Impact of teaching facility status and high-volume centers on outcomes for lung cancer resection

An examination of 13,469 surgical patients

Michael C. Cheung, Kara Hamilton, Recinda Sherman, Margaret M. Byrne, Dao M. Nguyen, Dido Franceschi, Leonidas Koniaris

Research output: Contribution to journalArticle

109 Citations (Scopus)

Abstract

Background: Studies suggest that institutional case volume and teaching status significantly affect patient survival. We sought to compare outcomes of surgical resection for lung cancer at teaching facilities (TF) and at high-volume centers (HVC). Methods: Patients undergoing lung cancer resection with curative intent were examined using a linked dataset from 1998 to 2002 between the Florida Cancer Data System and the Florida Agency for Health Care Administration. Results: A total of 13,469 patients were analyzed and outcomes adjusted for comorbidities. Median survival time (MST) was superior for patients treated at TF versus nonteaching facilities (NTF) (47.1 versus 40.5 months, P <0.001). Mortality rates at NTF were higher at 30 days (2.6% versus 1.1%, P <0.001), 90 days (6.8% versus 3.8%, P <0.001), and at 5 years (63.9% versus 59.2%, P = 0.005). Similarly, MST was superior in the cohort treated at HVC versus low-volume center (LVC) (45.1 versus 39.8 months, P <0.001). Mortality was observed to be higher in LVC than HVC at 30 days (2.7% versus 1.6%, P <0.001), 90 days (7.5% versus 4.0%, P <0.001), and at 5 years (63.5% versus 59.3%, P = 0.002). Significant preoperative, independent predictors of survival include age, sex, smoking status, and the existence of certain comorbidities. Treatment at a TF or HVC were independent predictors of better outcome. Race, use of chemotherapy or radiation did not affect outcomes. Conclusion: Surgical treatment for lung cancer at TF or HVC results in significantly better short- and long-term patient outcomes.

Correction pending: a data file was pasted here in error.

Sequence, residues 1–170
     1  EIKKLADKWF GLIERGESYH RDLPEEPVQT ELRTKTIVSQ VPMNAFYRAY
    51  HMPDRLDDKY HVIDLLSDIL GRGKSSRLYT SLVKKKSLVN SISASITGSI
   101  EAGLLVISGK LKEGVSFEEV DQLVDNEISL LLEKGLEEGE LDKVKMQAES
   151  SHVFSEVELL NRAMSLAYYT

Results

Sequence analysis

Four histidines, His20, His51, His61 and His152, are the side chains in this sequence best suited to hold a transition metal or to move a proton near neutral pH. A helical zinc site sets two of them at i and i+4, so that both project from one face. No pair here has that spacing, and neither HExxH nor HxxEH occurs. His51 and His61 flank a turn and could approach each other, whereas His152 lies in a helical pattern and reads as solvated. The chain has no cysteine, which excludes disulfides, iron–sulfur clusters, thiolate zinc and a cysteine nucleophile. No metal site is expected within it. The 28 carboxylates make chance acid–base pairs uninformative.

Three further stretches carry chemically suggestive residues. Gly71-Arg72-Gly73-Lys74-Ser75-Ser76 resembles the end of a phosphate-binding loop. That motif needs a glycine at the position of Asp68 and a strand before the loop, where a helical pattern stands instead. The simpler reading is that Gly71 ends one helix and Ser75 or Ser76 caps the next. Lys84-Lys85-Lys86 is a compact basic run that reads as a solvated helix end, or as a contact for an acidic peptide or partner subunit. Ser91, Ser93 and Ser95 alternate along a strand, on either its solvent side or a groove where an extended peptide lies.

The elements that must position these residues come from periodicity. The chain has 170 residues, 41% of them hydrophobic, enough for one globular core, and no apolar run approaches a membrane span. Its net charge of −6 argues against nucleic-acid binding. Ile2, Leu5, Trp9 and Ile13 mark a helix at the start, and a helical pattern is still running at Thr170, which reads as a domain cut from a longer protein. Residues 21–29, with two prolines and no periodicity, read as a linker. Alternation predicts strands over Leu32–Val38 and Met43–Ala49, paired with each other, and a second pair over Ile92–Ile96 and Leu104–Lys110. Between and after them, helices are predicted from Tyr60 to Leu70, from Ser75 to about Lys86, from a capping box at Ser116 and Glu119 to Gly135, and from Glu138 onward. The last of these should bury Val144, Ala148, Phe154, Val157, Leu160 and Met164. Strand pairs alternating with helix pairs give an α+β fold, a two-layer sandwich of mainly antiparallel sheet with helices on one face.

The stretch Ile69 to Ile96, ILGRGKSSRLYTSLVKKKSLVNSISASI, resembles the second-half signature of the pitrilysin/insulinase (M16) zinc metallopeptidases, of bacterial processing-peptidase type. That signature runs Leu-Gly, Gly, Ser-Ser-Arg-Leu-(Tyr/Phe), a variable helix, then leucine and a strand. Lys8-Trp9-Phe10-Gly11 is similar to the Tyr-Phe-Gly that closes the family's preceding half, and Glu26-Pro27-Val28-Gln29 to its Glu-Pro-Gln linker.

Original languageEnglish (US)
Pages (from-to)3-13
Number of pages11
JournalAnnals of Surgical Oncology
Volume16
Issue number1
DOIs
StatePublished - Jan 2009
Externally publishedYes

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Lung Neoplasms
Teaching
Survival
Comorbidity